Planning for Pregnancy

Pregnancy can be an amazing time filled with wondrous expectation. 

Some women have a relatively easy pregnancy and others find it may be a bit more challenging.

There are lots of ways to help support your body naturally while you’re preparing for pregnancy, while you’re pregnant and also in preparation for the birth.

Your Diet Preparing for and During Pregnancy

If you’re planning on falling pregnant, or it’s a surprise, getting started on optimising your diet as soon as possible is important for you and your baby.

Often women only find out they are pregnant when they start to feel nauseous and this morning sickness (which can last all day) can last for a few weeks or longer. To minimise morning sickness have snacks beside the bed to have when you first wake up before you get out of bed. Choose foods that are bland in taste and smell and are easy to have ready to eat.

Some of the best are; ginger tea, lemon juice in warm water, plain crackers or flat bread with or without vegemite, bananas, miso soup, popcorn or yoghurt.

Vitamin deficiencies, such as B6, can cause nausea in early pregnancy, so it’s important to eat a good diet or at least supplement if you’re struggling to eat certain foods. It’s best to talk with a practitioner about which supplement would be most suitable for you as everyone has different nutritional needs.

Getting our nutrients from food is also really important now and when baby is born. There is so much more than just the isolated element that you get in a supplement.

Vitamins and minerals such as iron, protein, calcium, vitamin B complex including folate, vitamins A, E and D, omega 3 fatty acids, zinc, magnesium and iodine are all more important than ever. If you’re unsure which foods you should be eating to get these nutrients, I’m more than happy to help.

What happens while you’re pregnant?

While baby is growing your body adapts to allow for baby to grow. Your blood volume increases from around week 8 of pregnancy; by 28 weeks of pregnancy, you have added 50-60% more blood than you had before you were pregnant!

The food you eat is being used to nourish you, as well as your baby by supplying nutrients to the placenta, umbilical cord, baby’s blood supply, and also helps you keep up with all the extra work your organs are doing to support your developing baby.

Without enough nutrients your baby will take what it needs from you leaving you more deficient than you would have been without being pregnant.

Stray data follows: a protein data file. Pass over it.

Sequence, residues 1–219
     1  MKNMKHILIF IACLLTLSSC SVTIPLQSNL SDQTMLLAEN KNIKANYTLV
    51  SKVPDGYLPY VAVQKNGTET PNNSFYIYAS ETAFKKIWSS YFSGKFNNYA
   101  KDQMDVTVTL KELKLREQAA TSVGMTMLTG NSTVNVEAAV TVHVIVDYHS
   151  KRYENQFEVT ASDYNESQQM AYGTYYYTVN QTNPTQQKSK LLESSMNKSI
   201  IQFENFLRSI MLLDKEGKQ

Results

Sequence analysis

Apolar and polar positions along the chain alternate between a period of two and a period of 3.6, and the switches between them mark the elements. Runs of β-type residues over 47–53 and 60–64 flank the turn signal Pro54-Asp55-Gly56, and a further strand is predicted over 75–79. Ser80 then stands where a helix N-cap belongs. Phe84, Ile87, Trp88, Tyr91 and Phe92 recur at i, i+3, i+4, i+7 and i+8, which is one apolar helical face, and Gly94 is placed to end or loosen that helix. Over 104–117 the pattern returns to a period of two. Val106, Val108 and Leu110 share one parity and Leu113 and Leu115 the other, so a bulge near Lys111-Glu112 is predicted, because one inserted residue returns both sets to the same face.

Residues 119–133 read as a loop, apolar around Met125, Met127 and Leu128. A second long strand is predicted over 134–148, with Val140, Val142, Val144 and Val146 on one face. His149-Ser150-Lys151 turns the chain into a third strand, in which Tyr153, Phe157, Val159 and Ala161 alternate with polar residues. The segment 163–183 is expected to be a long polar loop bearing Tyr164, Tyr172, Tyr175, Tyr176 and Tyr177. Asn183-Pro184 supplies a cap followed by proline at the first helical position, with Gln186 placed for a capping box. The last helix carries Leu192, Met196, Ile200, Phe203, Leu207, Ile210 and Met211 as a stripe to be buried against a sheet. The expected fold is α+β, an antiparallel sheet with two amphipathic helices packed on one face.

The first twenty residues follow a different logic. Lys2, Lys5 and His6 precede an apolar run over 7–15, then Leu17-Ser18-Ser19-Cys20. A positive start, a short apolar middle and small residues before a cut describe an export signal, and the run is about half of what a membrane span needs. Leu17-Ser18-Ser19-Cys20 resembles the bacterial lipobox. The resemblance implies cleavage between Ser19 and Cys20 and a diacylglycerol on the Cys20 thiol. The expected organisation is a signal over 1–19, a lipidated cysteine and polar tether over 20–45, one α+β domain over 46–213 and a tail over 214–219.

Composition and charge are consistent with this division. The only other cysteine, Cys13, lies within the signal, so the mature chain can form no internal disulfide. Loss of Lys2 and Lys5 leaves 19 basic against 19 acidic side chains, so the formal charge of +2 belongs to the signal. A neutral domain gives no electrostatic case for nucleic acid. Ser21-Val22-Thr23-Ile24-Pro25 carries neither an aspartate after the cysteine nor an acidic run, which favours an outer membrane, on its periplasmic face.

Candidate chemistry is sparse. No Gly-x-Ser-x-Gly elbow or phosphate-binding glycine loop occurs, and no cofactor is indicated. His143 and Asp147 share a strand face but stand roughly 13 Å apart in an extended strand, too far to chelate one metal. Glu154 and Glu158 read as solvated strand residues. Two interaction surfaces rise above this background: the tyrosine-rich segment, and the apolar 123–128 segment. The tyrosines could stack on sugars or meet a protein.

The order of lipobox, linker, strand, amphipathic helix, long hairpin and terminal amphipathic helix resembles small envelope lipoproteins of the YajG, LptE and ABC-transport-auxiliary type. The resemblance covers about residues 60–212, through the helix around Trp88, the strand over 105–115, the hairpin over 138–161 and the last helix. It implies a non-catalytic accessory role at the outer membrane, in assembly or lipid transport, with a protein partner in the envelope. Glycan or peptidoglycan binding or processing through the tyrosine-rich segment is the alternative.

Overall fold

Eating plenty of protein, good fats, and a variety of cooked and raw vegetables forms the basis of a nutritious pregnancy meal plan. Animal foods provide complete protein but you can also get complete proteins by combining proteins from vegetarian sources. Plant foods, especially vegetables, fruit, pulses and legumes, are also important as they provide lots of vitamins and minerals. Fat gives you energy, builds your baby’s brain, protects you from depression, and allows your body to absorb all the nutrients in your food.

Exercise during Pregnancy

I’m often asked about form of exercise is best while pregnant and the simple answer is whatever your body feels it needs.

That may change as the pregnancy goes along. You might be feeling too nauseous in the beginning to be able to do too much, so gentle walking and stretching would be best. Or you might be feeling like swimming laps or more power walking at that stage. Later on you might feel happier doing yoga for pregnancy to prepare your body for baby’s birth. Resistance training with weights is also good for muscle strength.

The important thing is to move and do some form of exercise and not become too sedentary. Walking is one of the best forms of exercise as it can help to keep the pelvis aligned as the baby grows, improves oxygen flow around your body and to our baby and may even help baby position itself better too.

How to deal with Changing Emotions

Pregnancy can be a time of widely varying emotions from joy, excitement, fear, awe, happiness etc. Some women feel an unexplained melancholy or even depression, during or after pregnancy, which is often a result of all those pregnancy hormones. If you’ve not felt this way before it can be quite disconcerting, but it is common and there are lots of ways to help from herbs and supplements to counselling therapies and physical techniques. Getting out into nature, walking barefoot on the grass, rest, meditate and getting good quality sleep is also really important at this time.